As Facebook Redefines the Social Web, Platform Manager Dave Morin Talks About the Coolest Facebook Apps From Boston and Seattle

It’s September in Boston, and that can only mean one thing—conferences, conferences, conferences. Xconomy’s own life sciences event was on Tuesday, and I spent most of the day yesterday at EmTech 08, the big annual tech-fest put on by MIT’s Technology Review magazine.

One highlight was a lively panel led by Robert Scoble, renowned technology blogger and managing director of, about what comes after Web 2.0, as new standards for sharing and interoperability dissolve the traditional notion of the standalone website. These days Internet users are consuming, contributing, swapping, and remixing personalized information in ever-smaller snippets. Open interfaces, for example, mean that the updates you broadcast to your followers on Twitter can be immediately republished on your blog or your FriendFeed page, where your friends can also track everything from what photos you’re uploading to Flickr to what movies you’re renting from Netflix.

Facebook, which was formed here in Cambridge by Mark Zuckerberg, then a Harvard undergrad, is one of the companies doing the most to drive this transition—and Dave Morin, Facebook’s senior platform manager, was one of Scoble’s four panelists. (The others were David Recordon of blogging platform provider Six Apart, Joseph Smarr of Comcast’s Plaxo division, and Nova Spivack, the CEO of Radar Networks and the creator of Twine.) “The first iteration of the Web was all about information—you were excited just to put a Web page up, and it was hard to understand who the people were who were interacting with all those pages,” Morin said during the discussion. “But now the Web is becoming more social. Through open APIs [application programming interfaces] we are exposing not just information but the actions and thoughts of the people using the Web. That’s what we’re driving toward—adding that ‘people’ layer to the Web.”

I had a chance to talk with Morin one-on-one before he went on stage. I asked him to talk about the recent changes Facebook has implemented to make the site even more social—for example, by giving site users easier access to third-party applications and letting them communicate with their Facebook friends even when they’re not logged into Facebook itself. I also asked him to name a few of the third-party applications that he likes best—with a special focus, of course, on those developed by programmers in Xconomy’s home cities.

Xconomy: Talk about some of the new features of the Facebook Platform. What are you doing to make it easier for outside developers to set up shop on Facebook?

Dave Morin: In our recent redesign we included the ability for developers to share information in a more structured way. There is a new feature that we call Publisher up on the top of the wall on everyone’s page. Publisher enables you to add structured data into your feed, and that helps people to understand what’s going on in the world around them. [Specifically: from the Publisher area, users can quickly post status updates, photos, or videos to their profiles, or create tabs that take them directly to third-party applications.—WR]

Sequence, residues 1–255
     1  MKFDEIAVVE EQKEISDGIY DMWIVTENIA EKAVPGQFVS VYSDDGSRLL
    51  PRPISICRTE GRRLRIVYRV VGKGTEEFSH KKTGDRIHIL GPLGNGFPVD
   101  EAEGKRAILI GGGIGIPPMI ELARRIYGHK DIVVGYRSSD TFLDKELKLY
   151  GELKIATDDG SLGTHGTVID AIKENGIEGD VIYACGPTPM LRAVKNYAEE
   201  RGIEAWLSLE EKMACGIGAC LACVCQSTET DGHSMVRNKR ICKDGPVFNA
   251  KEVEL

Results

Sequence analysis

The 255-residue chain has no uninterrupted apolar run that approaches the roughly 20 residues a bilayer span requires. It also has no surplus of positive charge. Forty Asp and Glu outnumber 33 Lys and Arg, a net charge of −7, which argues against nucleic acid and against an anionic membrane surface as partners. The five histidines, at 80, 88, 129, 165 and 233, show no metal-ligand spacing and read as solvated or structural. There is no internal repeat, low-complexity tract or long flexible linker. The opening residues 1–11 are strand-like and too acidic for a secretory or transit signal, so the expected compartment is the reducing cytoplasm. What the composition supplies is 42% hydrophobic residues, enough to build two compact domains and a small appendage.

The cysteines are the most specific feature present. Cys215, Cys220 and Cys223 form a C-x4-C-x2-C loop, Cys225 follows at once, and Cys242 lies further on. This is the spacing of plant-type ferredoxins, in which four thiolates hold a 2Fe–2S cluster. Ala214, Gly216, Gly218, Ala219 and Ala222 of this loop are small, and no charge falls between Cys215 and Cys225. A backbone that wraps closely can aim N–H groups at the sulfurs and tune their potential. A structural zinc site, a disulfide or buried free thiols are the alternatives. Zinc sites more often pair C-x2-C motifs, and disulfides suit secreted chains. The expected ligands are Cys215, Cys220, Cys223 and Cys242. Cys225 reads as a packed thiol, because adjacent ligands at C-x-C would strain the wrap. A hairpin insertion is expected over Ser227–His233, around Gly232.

In addition, one of the innovations we’ve launched recently is called Facebook Connect. It makes this vision of making the Web more social a reality. It enables any site or device outside of Facebook to leverage pieces of Facebook to make these sites more social—including being able to take your Facebook identity with you. Inside Facebook, you’ve built up a lot of data about yourself, and with Facebook Connect you will be able to take that identity with you wherever you go, and bring your friends with you too.

The third thing is that as you move about the Web and as the Web becomes more social, being able to tell your friends what you’re doing is something really powerful. So with Facebook Connect people [back on Facebook] will see the actions you’ve chosen to share from other sites on the Web. It works on the same concept as Facebook applications inside Facebook, except that parties outside Facebook can leverage both the APIs that we already make available and a few new ones.

For example, is a site that CBS has put together that taps into Facebook Connect. [At this point Morin opened his MacBook Air and brought up the site.—WR] Since I’m already logged into Facebook, you can see that my Facebook profile pic is there, and my real name, and lot of people with accounts here are my friends already. If you scroll down to the bottom and add a comment, then that can be published as a story to your Facebook profile. You can imagine this happening anywhere—on any site where you contribute content or add comments, any blog or news site. If those sites are enabled with Facebook Connect then your friends will know about the interesting things you’re doing on those sites.

X: One observation that’s frequently made about Facebook is that you guys seem to be trying to re-create a lot of the functions that are out there on the Internet, but within the walls of the—so people can have an Internet “experience” without really going out to the rest of the Internet. But Facebook Connect actually seems to be driving in the other direction—taking bits and pieces of Facebook and projecting them out onto the rest of the Web.

With Facebook Connect we want to enable Facebook users to go anywhere on the Web and take the pieces of Facebook with them that really enhance what they’re doing on those other sites. We know there are a lot of great sites and great businesses doing great things out there, and we know that Facebook users want to … Next Page »

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Wade Roush is a freelance science and technology journalist and the producer and host of the podcast Soonish. Follow @soonishpodcast

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